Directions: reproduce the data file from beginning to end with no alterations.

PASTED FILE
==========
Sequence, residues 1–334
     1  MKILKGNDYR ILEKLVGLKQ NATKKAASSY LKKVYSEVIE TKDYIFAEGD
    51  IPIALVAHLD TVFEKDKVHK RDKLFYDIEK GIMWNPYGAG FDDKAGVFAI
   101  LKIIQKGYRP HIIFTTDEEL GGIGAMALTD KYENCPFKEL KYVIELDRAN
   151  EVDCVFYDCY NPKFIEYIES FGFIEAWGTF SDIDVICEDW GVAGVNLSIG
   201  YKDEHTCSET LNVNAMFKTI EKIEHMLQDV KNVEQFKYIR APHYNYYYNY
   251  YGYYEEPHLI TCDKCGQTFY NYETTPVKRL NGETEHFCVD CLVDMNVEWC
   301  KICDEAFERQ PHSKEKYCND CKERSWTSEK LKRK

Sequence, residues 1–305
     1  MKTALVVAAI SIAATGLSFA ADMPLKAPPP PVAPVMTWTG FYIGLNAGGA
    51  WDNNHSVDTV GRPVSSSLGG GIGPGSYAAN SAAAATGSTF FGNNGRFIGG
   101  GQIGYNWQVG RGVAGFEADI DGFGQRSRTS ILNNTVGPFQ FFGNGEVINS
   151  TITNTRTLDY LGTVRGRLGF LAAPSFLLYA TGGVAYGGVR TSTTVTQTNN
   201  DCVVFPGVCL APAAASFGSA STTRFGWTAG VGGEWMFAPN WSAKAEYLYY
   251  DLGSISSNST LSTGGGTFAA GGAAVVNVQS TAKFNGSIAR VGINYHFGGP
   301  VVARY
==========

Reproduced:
Sequence, residues 1–334
     1  MKILKGNDYR ILEKLVGLKQ NATKKAASSY LKKVYSEVIE TKDYIFAEGD
    51  IPIALVAHLD TVFEKDKVHK RDKLFYDIEK GIMWNPYGAG FDDKAGVFAI
   101  LKIIQKGYRP HIIFTTDEEL GGIGAMALTD KYENCPFKEL KYVIELDRAN
   151  EVDCVFYDCY NPKFIEYIES FGFIEAWGTF SDIDVICEDW GVAGVNLSIG
   201  YKDEHTCSET LNVNAMFKTI EKIEHMLQDV KNVEQFKYIR APHYNYYYNY
   251  YGYYEEPHLI TCDKCGQTFY NYETTPVKRL NGETEHFCVD CLVDMNVEWC
   301  KICDEAFERQ PHSKEKYCND CKERSWTSEK LKRK

Sequence, residues 1–305
     1  MKTALVVAAI SIAATGLSFA ADMPLKAPPP PVAPVMTWTG FYIGLNAGGA
    51  WDNNHSVDTV GRPVSSSLGG GIGPGSYAAN SAAAATGSTF FGNNGRFIGG
   101  GQIGYNWQVG RGVAGFEADI DGFGQRSRTS ILNNTVGPFQ FFGNGEVINS
   151  TITNTRTLDY LGTVRGRLGF LAAPSFLLYA TGGVAYGGVR TSTTVTQTNN
   201  DCVVFPGVCL APAAASFGSA STTRFGWTAG VGGEWMFAPN WSAKAEYLYY
   251  DLGSISSNST LSTGGGTFAA GGAAVVNVQS TAKFNGSIAR VGINYHFGGP
   301  VVARY